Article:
He testified that he along with " most other law-of-war scholars" thought CIA civilians who were taking part in combat remotely without the combatant's privilege extended to those in military uniform were not violating "the law of war" by doing so. But on the flip side they could not gain immunity from domestic laws in the countries they were striking.
"Under this view CIA drone pilots are liable to prosecution under the law of any jurisdiction where attacks occur for any injuries, death or property damage they cause," he was quoted as saying.
And in an ironic twist "under the legal theories adopted by our government in prosecuting Guantanamo detainees," said Glazier "these CIA officers as well as any higher-level government officials who have authorized or directed their attacks are committing war crimes."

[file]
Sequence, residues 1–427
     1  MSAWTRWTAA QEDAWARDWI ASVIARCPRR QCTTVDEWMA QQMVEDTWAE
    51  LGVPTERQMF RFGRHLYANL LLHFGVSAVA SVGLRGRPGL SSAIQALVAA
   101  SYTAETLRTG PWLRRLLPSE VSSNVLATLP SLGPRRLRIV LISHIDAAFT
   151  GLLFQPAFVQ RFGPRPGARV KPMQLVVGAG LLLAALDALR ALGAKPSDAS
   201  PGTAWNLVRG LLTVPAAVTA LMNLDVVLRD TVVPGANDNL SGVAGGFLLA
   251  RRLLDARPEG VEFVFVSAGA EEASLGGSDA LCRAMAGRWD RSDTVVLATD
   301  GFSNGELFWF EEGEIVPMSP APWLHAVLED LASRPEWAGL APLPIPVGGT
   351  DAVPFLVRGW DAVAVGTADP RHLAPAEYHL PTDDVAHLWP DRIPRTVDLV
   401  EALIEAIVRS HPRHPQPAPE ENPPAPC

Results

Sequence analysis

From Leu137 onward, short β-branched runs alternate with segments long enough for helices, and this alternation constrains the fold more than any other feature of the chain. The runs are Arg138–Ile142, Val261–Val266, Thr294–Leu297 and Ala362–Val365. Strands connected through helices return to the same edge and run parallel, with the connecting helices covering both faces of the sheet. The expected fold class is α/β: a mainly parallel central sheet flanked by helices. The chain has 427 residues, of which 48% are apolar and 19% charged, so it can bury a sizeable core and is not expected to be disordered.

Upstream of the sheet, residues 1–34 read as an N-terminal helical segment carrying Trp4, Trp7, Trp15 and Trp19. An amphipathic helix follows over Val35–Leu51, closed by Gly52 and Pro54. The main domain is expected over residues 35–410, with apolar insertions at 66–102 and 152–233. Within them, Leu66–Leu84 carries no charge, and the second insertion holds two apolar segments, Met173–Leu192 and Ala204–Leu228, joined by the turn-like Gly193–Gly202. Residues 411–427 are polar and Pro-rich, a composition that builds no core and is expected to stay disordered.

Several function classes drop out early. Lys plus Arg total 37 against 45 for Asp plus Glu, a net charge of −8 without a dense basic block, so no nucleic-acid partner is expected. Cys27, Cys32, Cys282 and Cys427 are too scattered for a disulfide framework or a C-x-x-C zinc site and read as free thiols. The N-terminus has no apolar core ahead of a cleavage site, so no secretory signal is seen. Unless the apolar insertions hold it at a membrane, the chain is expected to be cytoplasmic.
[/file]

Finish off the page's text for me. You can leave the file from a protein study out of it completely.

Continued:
In an email exchange with Glazier, he confirmed that under the current " U.S. theory of unlawful belligerency" the liability would extend all the way to the Oval Office and to the president himself.
So why does it matter whether or not U.S. actions, especially ones that kill people, comport with international law? Glazier told the House panel that the U.S. relies on multiple treaties to secure international cooperation on fighting terrorism. When the U.S. colors out of the lines the "collateral dead civilians" are not the only casualty.
"So it seems to me one of the most important reasons to try and ground our conduct across the board in an area of law is to facilitate that international cooperation and to lay the ground work for the ability to call upon, even demand upon other nations to cooperate with us in this effort," testified Glazier.
Global cooperation. Sound familiar? Vintage Obama, say October of 2008.